Corresponding reference characters indicate corresponding parts throughout the several views of the drawings.
The following description is presented to enable one of ordinary skill in the art to make and use the invention. Descriptions of specific embodiments and applications are provided only as examples and various modifications will be readily apparent to those skilled in the art. The general principles described herein may be applied to other embodiments and applications without departing from the scope of the invention. Thus, the present invention is not to be limited to the embodiments shown, but is to be accorded the widest scope consistent with the principles and features described herein. For purpose of clarity, details relating to technical material that is known in the technical fields related to the invention have not been described in detail.
Referring now to the drawings, and first to
The system bus architecture of computer system 20 is represented by arrows 60 in FIG. 3. However, these arrows are only illustrative of one possible interconnection scheme serving to link the subsystems. For example, a local bus could be utilized to connect the central processor 40 to the system memory 42 and display adapter 48. Computer system 20 shown in
The virus scan engine 14 is configured to run an antivirus program such as McAfee's VSHIELD, ACTIVESHIELD, SCAN NOW or VIRUS SCAN program, or antivirus applications described in U.S. Pat. No. 6,029,256, issued Feb. 22, 2000 or U.S. Pat. No. 6,035,423 issued Mar. 7, 2000, which are incorporated herein by reference, or any other suitable antivirus program. The antivirus program preferably provides on-demand scanning which allows the virus scanner to scan files on a scheduled basis or upon request by a user. The user may scan, for example, an entire hard drive, a removable disk, a group of files or programs, or any other code stored in any type of memory accessible by the scan engine 14. The memory may be internal to the computer or accessible by the computer through a network connection, serial connection, or any other type of connection.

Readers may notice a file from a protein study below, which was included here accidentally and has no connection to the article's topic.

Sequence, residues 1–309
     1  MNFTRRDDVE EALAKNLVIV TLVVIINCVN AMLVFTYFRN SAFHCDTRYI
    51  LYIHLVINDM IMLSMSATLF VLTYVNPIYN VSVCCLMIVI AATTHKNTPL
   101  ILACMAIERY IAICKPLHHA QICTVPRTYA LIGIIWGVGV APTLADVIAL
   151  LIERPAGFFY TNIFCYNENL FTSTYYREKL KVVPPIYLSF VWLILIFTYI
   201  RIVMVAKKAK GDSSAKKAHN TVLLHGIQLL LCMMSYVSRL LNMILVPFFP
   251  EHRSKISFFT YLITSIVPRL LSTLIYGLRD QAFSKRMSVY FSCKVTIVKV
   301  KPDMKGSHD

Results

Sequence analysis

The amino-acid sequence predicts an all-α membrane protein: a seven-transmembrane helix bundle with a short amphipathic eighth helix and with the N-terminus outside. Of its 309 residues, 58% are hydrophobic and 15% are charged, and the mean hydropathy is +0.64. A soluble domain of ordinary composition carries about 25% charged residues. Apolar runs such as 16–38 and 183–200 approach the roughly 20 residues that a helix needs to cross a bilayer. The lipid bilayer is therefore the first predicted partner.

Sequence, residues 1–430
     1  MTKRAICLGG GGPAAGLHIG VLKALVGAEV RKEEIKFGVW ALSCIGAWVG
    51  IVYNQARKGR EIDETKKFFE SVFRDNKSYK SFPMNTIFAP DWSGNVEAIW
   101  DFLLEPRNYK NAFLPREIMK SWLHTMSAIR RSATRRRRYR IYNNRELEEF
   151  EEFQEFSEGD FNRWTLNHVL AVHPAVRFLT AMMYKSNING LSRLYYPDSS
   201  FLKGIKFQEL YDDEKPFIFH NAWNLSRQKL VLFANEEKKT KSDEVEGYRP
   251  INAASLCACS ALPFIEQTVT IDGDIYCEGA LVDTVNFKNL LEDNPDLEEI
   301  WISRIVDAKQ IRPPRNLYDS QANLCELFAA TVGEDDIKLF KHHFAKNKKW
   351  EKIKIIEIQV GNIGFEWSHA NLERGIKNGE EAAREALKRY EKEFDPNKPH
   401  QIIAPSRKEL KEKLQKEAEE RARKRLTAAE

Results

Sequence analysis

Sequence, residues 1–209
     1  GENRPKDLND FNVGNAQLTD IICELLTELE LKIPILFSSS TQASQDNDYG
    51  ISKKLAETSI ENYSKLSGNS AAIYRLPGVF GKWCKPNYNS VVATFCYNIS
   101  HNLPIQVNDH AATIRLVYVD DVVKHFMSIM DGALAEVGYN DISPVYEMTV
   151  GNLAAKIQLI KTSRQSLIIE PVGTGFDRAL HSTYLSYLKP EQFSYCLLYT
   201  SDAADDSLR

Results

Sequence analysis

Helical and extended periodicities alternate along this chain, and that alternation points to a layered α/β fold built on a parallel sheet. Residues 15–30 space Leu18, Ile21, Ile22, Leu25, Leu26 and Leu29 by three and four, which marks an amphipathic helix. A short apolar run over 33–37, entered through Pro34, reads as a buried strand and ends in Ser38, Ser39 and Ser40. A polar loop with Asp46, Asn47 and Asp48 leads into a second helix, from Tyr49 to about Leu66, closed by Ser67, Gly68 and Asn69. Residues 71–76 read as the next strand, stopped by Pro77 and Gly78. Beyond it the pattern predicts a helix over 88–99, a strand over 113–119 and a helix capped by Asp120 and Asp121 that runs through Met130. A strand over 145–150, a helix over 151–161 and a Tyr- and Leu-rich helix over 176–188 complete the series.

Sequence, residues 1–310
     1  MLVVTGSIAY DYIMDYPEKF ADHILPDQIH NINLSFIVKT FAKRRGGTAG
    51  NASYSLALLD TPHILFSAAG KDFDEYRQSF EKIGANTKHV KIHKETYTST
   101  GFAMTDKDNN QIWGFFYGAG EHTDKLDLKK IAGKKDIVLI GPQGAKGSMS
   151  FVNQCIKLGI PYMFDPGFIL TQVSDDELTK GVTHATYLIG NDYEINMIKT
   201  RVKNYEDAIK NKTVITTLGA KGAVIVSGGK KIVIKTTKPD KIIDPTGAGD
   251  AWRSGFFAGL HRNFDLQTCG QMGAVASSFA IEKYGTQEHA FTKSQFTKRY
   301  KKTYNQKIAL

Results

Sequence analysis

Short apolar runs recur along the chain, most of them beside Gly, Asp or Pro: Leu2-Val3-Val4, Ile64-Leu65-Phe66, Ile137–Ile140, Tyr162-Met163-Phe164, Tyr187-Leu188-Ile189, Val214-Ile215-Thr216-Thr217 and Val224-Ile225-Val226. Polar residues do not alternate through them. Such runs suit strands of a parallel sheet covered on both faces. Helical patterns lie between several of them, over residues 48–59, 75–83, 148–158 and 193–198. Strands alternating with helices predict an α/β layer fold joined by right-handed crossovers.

In a typical configuration, the antivirus application is used in conjunction with a set of virus signature files which are also placed in a directory on the user's hard drive. The antivirus program may contain an update agent which is resident in the background of the computer system 20 and polls for updates at a set interval. For example, the program may poll a server daily to check for new virus signature files or new scan engine libraries. Update component versions may be posted on an application server provider (ASP) page located on the Internet, which reports back whether there are newer versions of any of the listed components. This data may be displayed in a browser window which the user can log into and download updated components. It is to be understood that the preferred embodiment of the invention may be applied to many different types of virus scanning engines.
When a user program runs on a computer, the computer's operating system first loads the main program file into system memory. The program file includes several objects stored as data or text, and instructions for handling the data and other parameters which may be input during program execution. The processors use logical addresses to access file objects, and these logical addresses correspond to physical addresses in RAM. Binding of instructions and data to physical memory address is accomplished by compiling the program file using code which is indexed (linked) to physical memory by the operating system during loading of the file. The computer program can be broken down into a collection of processes which are executed by the processor. A process is a set of resources, including logical addresses, process limits, permissions and registers, and at least one execution stream. The smallest unit of operation to be performed within the process is referred to as a thread. The thread is the actual component of the process that is executing at one time. The use of threads in modem operating systems is well known. Threads allow multiple execution paths within a single address space to run concurrently on a processor. At any given time, only one thread can actually be executed by a CPU. The CPU will continue running the same thread until one of several things happen. The thread might voluntarily yield control to give other threads a chance to run. The thread might have to wait for some asynchronous event to occur, or the thread might use up its allotted slice of time and be suspended to allow other threads to run.